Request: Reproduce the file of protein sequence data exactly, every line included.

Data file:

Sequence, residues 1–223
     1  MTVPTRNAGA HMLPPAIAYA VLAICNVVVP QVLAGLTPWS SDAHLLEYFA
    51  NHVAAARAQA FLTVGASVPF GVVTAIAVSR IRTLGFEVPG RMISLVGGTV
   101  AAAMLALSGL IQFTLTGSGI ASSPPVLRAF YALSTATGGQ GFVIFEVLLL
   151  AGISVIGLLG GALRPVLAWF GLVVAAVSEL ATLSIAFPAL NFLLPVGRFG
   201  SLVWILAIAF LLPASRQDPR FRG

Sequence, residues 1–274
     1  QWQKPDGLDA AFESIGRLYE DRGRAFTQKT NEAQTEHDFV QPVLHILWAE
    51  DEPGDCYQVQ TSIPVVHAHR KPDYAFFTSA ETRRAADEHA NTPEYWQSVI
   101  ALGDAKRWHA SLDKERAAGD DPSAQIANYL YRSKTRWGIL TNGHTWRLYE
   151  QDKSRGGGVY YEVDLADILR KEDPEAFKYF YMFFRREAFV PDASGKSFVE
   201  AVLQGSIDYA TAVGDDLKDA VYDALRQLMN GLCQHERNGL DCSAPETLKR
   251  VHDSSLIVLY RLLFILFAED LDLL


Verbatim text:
Sequence, residues 1–223
     1  MTVPTRNAGA HMLPPAIAYA VLAICNVVVP QVLAGLTPWS SDAHLLEYFA
    51  NHVAAARAQA FLTVGASVPF GVVTAIAVSR IRTLGFEVPG RMISLVGGTV
   101  AAAMLALSGL IQFTLTGSGI ASSPPVLRAF YALSTATGGQ GFVIFEVLLL
   151  AGISVIGLLG GALRPVLAWF GLVVAAVSEL ATLSIAFPAL NFLLPVGRFG
   201  SLVWILAIAF LLPASRQDPR FRG

Sequence, residues 1–274
     1  QWQKPDGLDA AFESIGRLYE DRGRAFTQKT NEAQTEHDFV QPVLHILWAE
    51  DEPGDCYQVQ TSIPVVHAHR KPDYAFFTSA ETRRAADEHA NTPEYWQSVI
   101  ALGDAKRWHA SLDKERAAGD DPSAQIANYL YRSKTRWGIL TNGHTWRLYE
   151  QDKSRGGGVY YEVDLADILR KEDPEAFKYF YMFFRREAFV PDASGKSFVE
   201  AVLQGSIDYA TAVGDDLKDA VYDALRQLMN GLCQHERNGL DCSAPETLKR
   251  VHDSSLIVLY RLLFILFAED LDLL